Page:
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Who doesn’t love a good cat video? Not even an alien could say no to watching one. And NASA is putting that to the test.
This month, the space agency sent a video of Taters the cat back down to Earth via laser from deep space. This is the first time NASA has used a laser to cast a video from this far away. This 15-second ultra high-def video clip traveled around 30 million kilometers (19 million miles) from NASA’s Psyche spacecraft. That’s about 80 times the distance between Earth and the moon.
On December 11, the video was sent down to Earth, taking 101 seconds to reach its destination, transmitting at a speed of 267 megabits per second. That’s faster than most broadband travels in Earth’s orbit. A tool called a flight laser transceiver was used to transmit the video as an encoded laser from Psyche to the Hale Telescope at Caltech's Palomar Observatory in California.
The video was sent up on Psyche when it was launched in October, but Taters the cat remained safely on Earth. The video shows Taters chasing a laser, of course. Taters is an orange tabby cat owned by a NASA employee at the Jet Propulsion Laboratory (JPL) in California.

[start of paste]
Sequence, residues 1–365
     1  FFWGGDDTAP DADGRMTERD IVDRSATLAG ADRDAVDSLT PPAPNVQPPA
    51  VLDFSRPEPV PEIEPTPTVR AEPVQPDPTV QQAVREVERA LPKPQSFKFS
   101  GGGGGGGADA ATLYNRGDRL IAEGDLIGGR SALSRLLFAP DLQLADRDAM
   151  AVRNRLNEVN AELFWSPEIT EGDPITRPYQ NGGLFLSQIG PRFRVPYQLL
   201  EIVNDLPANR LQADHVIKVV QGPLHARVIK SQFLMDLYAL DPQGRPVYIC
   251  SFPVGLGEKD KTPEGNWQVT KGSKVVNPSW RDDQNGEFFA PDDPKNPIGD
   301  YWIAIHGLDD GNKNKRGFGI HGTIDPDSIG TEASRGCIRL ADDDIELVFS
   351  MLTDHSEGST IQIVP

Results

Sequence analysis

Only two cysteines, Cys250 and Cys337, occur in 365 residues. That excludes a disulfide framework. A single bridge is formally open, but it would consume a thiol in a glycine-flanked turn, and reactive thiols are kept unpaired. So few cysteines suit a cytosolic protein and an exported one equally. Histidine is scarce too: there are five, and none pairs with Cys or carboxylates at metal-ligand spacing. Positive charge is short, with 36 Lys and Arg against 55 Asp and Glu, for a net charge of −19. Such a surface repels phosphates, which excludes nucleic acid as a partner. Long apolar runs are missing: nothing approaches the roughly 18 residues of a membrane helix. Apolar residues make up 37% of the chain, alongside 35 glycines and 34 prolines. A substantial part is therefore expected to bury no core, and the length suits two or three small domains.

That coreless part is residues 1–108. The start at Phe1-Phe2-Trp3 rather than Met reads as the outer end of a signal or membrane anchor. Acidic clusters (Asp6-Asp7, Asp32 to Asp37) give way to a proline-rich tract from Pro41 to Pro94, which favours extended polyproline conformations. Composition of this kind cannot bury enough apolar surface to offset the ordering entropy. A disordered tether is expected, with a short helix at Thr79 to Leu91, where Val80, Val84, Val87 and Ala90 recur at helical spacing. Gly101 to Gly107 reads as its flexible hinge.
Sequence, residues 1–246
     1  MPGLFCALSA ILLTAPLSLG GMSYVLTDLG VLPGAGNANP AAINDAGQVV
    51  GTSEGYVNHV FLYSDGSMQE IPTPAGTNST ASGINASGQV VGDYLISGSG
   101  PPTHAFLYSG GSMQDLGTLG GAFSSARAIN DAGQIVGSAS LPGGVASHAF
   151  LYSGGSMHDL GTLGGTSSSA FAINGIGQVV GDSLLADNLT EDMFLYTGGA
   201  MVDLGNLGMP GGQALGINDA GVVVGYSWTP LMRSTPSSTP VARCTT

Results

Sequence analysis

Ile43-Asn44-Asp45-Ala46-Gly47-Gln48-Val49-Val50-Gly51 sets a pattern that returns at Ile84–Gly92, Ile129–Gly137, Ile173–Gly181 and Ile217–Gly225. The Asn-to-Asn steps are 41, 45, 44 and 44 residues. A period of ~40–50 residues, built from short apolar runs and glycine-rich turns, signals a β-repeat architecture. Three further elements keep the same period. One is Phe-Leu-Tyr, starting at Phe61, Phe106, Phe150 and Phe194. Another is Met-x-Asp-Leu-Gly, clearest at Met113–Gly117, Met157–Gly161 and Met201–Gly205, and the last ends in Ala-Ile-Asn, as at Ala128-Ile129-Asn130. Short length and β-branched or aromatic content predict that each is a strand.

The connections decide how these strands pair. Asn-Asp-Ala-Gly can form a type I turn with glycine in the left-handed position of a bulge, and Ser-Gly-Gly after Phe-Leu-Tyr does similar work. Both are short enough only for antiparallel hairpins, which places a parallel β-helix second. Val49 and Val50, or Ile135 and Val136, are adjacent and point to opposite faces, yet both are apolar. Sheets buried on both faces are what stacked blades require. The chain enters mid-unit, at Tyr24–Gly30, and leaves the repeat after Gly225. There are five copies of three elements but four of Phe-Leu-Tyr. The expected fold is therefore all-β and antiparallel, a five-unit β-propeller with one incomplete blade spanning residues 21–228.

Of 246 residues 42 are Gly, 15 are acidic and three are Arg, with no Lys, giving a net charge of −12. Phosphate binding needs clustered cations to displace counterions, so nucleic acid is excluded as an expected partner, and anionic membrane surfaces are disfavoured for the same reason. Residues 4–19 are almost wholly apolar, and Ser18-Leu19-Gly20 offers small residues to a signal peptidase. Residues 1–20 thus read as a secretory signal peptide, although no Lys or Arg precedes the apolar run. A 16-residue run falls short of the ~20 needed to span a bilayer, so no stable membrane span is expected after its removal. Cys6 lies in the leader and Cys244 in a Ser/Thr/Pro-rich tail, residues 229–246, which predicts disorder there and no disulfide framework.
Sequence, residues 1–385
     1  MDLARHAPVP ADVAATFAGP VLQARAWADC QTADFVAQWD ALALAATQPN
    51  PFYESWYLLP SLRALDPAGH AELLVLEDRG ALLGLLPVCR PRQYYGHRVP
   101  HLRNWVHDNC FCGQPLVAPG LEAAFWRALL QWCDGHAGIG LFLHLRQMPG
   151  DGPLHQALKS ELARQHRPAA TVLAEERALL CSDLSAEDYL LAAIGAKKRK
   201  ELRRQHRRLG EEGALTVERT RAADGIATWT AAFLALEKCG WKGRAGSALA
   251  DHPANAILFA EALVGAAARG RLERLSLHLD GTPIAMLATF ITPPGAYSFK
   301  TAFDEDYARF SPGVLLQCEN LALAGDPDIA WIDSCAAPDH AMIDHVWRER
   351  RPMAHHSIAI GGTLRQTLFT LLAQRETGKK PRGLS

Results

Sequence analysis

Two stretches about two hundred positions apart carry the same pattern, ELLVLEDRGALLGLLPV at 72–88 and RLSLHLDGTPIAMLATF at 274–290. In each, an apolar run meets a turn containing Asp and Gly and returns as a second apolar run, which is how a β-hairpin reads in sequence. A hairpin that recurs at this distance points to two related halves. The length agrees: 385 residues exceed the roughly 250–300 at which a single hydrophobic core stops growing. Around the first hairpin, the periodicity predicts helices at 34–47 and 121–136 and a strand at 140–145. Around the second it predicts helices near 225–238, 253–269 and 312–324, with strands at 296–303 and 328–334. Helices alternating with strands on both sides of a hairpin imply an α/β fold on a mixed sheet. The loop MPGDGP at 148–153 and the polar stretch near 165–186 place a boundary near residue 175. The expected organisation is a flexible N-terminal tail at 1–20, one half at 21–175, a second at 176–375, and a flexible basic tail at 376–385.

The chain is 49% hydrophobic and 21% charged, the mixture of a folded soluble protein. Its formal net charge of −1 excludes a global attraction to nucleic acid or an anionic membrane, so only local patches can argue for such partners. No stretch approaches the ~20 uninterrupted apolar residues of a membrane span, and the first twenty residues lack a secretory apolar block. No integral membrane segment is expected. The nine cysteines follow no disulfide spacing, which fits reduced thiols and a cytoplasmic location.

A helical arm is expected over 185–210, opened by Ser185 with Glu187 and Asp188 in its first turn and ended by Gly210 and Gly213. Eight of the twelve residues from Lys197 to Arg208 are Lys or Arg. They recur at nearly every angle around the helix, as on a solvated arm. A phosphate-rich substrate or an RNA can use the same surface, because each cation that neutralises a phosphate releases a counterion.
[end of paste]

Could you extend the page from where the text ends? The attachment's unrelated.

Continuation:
"Despite transmitting from millions of miles away, it was able to send the video faster than most broadband internet connections," said JPL electronics lead Ryan Rogalin.
NASA is hoping to use this Deep Space Optical Communications (DSOC) as a tool for deep space exploration.
“Increasing our bandwidth is essential to achieving our future exploration and science goals, and we look forward to the continued advancement of this technology and the transformation of how we communicate during future interplanetary missions," NASA Deputy Administrator Pam Melroy explained in a statement.
To make this record-breaking feat more memorable, NASA scientists wanted to use a more “fun” video.
“Nothing on Psyche generates video data, so we usually send packets of randomly generated test data,” Bill Klipstein, the tech demo’s project manager at JPL, told CBS. But Taters seemed like the furball for the job on this one. You can check out Taters’ deep space message on YouTube.